Helen and her Two Nationalities

Published by: Margaritas Hispánicas,  July 30, 2022

«Now Helen is a citizen of two countries. (The United States and the Vatican)… If Helen is a good Catholic, her main loyalty will be to the Vatican (Catholic Church)».

In the midst of the controversy generated by the change in the jurisprudence established in the «Roe vs. Wade» ruling by the Supreme Court of the United States, it was somewhat interesting to come across this image that well describes the American anti-Catholic sentiment, especially that of nineteenth-century nativist thought. Although American leftists today do not think twice about attacking our churches, statues and symbols to «protest» against the «oppressive traditions» of their nation (which is nothing Catholic), the truth is that Catholics were part of those «despised minorities» that the left itself claims to defend.

Throughout American history, Catholics have been targets of Anglo-Saxon Protestant hatred, often escalating to lynchings and the burning of monasteries. As early as the 19th century, nativists went to great lengths to exclude Catholic immigrants from political action, either by barring them from voting or at least preventing them from holding political office. This was due not only to xenophobic motives, but also to the fear that these Catholics were acting as «agents of the Vatican», which would conspire to expand their empire. (An expansionist privilege reserved for Americans, it seems.)

The American anti-Catholic spirit was none other than the liberal spirit that grew out of Protestantism, which began with «Sola Scriptura» and resulted in moral and then political relativism. Born in Protestantism, nursed with the political relativism of Locke, and later reinforced with the Masonic thinking of many of the «founding fathers», it was enshrined in the United States Constitution. The Americanist understood the free man as one who does not depend on any religious authority to decide on moral matters, or who at least can dispense with it and its verdicts in public affairs. Following Christian morality and under the discretion of a religious authority (the Pope), it was impossible for a good Catholic to engage in politics outside of religion, which Americanists saw only as fanaticism that would enslave Americans. Today American liberalism and its doctrine of relegating faith to the private sphere has triumphed among Catholics themselves, both American and Hispanic. Regarding the American political elite, it is surprising that a prominent group of Catholic politicians have stood out for their abortion fanaticism, under the guise of «following, but not imposing Catholic doctrine». For their part, countless Catholic parishioners hide their faith in their pockets, supporting such parties despite, if not because of, their pro-choice stance. And in the event that some Catholics in influential positions dare to take important steps against this crime, they find hostility among their co-religionists, who brand them as «fanatics», echoing the anti-Catholic voices of nineteenth-century nativists. Hispanic America, sadly, seems to be moving in the same direction. In a survey published in 2014, the Pew Research Center goes so far as to state that Hispanic-American Protestants are more likely to oppose abortion than Catholics, who tend to be «less conservative». Anti-Catholicism has been clearly reflected in the burning of churches and destruction of images in countries like Chile, Mexico and Argentina. And it is that liberalism and anti-Catholicism are linked by birth ties, as we see both in American history and in the French Revolution itself.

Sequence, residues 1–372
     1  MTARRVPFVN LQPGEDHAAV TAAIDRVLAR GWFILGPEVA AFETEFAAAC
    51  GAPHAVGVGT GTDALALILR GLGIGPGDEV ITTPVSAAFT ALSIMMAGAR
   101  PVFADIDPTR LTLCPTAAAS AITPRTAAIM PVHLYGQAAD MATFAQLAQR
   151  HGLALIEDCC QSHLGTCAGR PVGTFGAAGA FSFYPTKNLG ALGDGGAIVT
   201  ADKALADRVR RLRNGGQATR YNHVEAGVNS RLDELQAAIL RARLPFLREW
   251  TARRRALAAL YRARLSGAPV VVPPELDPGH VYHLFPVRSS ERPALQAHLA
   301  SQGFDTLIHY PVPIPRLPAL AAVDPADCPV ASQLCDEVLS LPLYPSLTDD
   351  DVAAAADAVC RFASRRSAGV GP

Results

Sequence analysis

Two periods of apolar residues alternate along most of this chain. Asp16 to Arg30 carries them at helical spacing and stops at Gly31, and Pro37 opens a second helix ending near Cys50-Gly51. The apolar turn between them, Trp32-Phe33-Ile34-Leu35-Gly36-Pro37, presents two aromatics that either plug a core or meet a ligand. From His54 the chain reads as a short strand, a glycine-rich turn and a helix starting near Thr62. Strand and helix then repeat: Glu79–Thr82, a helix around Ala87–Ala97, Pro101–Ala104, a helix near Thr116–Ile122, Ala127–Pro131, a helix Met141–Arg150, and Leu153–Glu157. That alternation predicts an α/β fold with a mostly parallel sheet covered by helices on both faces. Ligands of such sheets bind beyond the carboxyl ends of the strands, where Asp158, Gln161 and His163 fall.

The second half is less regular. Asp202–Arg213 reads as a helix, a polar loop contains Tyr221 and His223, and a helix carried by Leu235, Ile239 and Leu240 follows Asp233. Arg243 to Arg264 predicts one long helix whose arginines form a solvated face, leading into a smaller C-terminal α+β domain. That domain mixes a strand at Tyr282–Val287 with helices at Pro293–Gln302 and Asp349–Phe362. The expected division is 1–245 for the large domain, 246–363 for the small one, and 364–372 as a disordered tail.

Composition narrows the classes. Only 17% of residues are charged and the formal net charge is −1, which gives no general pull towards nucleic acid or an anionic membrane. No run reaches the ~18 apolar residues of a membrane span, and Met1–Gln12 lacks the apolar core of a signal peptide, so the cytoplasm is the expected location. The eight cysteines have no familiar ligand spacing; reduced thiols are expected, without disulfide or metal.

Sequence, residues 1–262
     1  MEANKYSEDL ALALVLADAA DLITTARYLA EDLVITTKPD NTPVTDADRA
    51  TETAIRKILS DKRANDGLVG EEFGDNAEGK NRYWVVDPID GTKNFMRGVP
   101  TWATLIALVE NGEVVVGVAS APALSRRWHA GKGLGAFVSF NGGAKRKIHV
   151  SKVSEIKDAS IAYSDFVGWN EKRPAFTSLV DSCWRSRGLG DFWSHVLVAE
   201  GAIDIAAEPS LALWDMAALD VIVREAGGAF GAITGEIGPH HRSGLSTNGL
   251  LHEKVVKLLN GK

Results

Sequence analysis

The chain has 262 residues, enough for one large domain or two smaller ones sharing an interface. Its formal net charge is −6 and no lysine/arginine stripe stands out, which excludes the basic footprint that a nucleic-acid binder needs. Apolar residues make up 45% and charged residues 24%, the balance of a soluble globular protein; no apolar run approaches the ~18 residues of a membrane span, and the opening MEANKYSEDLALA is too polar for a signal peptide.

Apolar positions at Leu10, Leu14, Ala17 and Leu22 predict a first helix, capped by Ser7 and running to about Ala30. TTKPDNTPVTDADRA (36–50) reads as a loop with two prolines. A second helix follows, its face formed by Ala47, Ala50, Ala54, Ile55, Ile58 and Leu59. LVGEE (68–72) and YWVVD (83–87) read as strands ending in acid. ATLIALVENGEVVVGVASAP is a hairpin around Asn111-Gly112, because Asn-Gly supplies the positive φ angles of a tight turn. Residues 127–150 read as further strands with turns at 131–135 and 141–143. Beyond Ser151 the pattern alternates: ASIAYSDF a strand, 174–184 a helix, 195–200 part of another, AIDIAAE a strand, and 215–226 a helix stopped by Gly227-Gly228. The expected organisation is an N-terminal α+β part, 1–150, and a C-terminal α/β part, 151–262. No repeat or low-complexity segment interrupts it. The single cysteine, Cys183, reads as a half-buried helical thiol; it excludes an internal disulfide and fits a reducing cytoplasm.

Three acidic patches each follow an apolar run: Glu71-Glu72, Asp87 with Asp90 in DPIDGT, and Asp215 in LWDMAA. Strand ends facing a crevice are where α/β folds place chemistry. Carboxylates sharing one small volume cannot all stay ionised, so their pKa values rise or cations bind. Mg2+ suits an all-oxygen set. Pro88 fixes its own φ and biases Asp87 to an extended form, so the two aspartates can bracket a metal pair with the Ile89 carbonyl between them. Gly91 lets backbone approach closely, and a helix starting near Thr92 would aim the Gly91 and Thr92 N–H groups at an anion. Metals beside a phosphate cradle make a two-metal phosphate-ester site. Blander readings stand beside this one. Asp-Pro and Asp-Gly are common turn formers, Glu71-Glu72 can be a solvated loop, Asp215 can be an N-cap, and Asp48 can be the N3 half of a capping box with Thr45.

Dividing the Catholic into two «homelands», «souls», «hearts», or whatever they want to say, is more an illusion of liberalism than a concrete reality. Such division is not specified except in the liberal Catholic, who tries to reconcile the revolutionary spirit with Catholic doctrine. Unable to reconcile the two, he is content to relegate his faith to a hidden corner of his soul and to be a liberal in practice. Cognitive dissonance will take care of expelling his faith little by little.

Written by María Fernanda Sánchez, Círculo de Lectura «Tradición»

Translated by Alfz M. Scullin, Círculo Carlista Camino Real de Tejas